297. Briefing Memorandum From the Acting Assistant Secretary of State for Congressional Relations (Jenkins) to Secretary of State Kissinger1

Dobrynin and Vanik Talk about Jackson/Vanik Amendment

Charlie Vanik called me this morning to report on the evening he spent with Dobrynin last week. He had earlier told us that he had gotten a green light from President-elect Carter to have a general review of US-Soviet relations and the emigration problem with Dobrynin. Vanik invited the Dobrynins for dinner at his own home and they accepted. There were just the four of them.

Vanik emphasized, as the evening opened, that he was speaking only as an individual Congressman but reflected a general view within the Democratic Party, which was deeply committed to improving US-Soviet relations. He stressed to Dobrynin that he should understand this objective was a bipartisan objective and would not change because of a shift in the Administration.

Dobrynin interrupted Vanik at this point to say that he appreciated Vanik’s protestations that he was speaking as an individual, but that Harriman had phoned him and informed him that President-elect [Page 1104] Carter had endorsed Vanik’s suggestion of getting together. Dobrynin gave Vanik the clear impression throughout the evening that he has a continuing dialogue with Governor Harriman.2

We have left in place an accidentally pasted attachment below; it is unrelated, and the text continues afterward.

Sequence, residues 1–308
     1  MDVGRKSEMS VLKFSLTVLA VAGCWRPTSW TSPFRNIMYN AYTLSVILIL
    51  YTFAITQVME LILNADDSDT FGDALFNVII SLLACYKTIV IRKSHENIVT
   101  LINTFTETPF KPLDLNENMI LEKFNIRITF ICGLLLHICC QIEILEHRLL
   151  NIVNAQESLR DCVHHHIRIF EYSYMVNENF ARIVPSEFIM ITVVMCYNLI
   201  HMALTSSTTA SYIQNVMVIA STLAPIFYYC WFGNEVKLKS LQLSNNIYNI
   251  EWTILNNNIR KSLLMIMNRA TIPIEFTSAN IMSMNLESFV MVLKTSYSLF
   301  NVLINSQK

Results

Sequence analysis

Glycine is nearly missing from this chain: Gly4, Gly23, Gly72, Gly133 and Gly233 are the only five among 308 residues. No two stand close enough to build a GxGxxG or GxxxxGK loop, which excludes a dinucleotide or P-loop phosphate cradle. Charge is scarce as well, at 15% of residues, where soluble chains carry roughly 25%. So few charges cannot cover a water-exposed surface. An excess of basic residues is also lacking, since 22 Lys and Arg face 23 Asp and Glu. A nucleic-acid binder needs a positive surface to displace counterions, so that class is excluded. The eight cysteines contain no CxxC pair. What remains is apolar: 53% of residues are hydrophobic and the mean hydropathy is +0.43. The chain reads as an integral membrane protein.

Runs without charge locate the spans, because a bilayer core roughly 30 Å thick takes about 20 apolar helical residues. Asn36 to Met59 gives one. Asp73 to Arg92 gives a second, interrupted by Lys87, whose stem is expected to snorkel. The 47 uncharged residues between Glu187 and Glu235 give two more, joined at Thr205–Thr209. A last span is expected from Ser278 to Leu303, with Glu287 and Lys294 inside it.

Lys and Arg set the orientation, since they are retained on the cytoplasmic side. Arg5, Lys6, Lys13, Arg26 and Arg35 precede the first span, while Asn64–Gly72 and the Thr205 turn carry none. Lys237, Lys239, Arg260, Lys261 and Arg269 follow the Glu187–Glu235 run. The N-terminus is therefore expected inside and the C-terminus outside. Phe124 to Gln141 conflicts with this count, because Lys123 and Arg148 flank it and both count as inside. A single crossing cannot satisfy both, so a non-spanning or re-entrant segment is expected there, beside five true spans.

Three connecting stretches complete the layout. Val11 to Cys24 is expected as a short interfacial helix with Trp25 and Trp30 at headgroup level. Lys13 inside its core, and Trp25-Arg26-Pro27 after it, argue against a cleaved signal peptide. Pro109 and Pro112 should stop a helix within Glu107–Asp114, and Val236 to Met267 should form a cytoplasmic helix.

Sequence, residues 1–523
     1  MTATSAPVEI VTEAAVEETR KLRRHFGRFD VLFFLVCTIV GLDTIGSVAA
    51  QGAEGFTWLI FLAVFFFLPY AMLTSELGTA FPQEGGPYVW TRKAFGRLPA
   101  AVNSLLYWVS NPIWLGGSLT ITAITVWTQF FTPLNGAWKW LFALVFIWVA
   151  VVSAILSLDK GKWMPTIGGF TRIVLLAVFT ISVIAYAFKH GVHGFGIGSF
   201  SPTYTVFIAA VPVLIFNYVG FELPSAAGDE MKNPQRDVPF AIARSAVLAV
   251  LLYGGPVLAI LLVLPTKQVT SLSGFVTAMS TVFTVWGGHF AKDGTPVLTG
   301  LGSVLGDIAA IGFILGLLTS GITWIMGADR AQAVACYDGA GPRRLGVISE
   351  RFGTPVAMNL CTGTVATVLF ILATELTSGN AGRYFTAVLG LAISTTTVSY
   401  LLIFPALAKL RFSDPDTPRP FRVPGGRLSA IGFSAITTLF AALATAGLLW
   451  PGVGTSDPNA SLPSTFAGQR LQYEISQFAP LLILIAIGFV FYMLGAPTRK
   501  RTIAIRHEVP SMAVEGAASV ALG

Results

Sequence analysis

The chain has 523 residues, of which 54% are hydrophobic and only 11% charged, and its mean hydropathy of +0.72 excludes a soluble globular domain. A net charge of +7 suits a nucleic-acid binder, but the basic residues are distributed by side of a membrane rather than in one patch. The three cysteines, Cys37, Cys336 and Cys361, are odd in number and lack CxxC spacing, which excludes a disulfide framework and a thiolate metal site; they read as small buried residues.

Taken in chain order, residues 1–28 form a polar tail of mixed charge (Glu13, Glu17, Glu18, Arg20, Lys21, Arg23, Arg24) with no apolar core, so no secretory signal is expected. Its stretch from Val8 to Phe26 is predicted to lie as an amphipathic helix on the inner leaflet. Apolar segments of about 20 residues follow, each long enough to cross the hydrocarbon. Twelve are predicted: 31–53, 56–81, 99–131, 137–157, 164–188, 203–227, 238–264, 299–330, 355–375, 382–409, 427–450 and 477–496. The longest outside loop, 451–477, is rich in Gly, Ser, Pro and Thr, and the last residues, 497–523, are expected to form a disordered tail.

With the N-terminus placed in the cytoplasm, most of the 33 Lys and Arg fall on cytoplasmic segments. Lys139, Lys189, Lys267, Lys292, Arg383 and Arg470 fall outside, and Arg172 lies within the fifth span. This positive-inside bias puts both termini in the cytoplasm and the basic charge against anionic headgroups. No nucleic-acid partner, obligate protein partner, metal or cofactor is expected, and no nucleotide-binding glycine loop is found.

Vanik moved directly into the question of how to solve the trade/emigration bottleneck. He said that if the Soviets would take initiatives unilaterally to diminish police harassment, accelerate the emigration of 500 or 600 prominent families in the Moscow/Leningrad area, and generally permit emigration statistics to inch upward, this would set the atmosphere for Congressional initiatives to back out of the present impasse.

Dobrynin commented on each of these points. He insisted that harassment was a matter of individual police responses in many cases to Jewish dissident provocations. He said he knows there have been excesses, but on the other hand, those Jews who are interested in leaving the Soviet Union have adopted a very difficult posture. He said, “You know our police are not used to this kind of behavior and many people seem to enjoy making the police lose their tempers.” Notwithstanding that explanation, Dobrynin said, he would agree to try and see that a general tone was established which could not be misinterpreted as official harassment. On the subject of the overall numbers, Dobrynin felt that this is subject to a number of elements, but his bottom line was that the figures probably could rise without too much difficulty. On key families, Dobrynin said categorically he would recommend that an active review of family reunification cases be undertaken quickly which would accelerate the departure of a number of cases in which the United States is particularly interested.

At this point in the conversation Mrs. Dobrynin, whom Vanik characterized as an active, outspoken participant throughout the evening, interrupted to say, “I think it is ridiculous and costly to our image to attempt to keep people who clearly want to leave.” She actively supported Vanik, in fact, with her husband, saying, “You must recommend that they be permitted to go right away. It will be well received by the new Administration and will certainly reduce criticism of the Soviet Union in the United States.”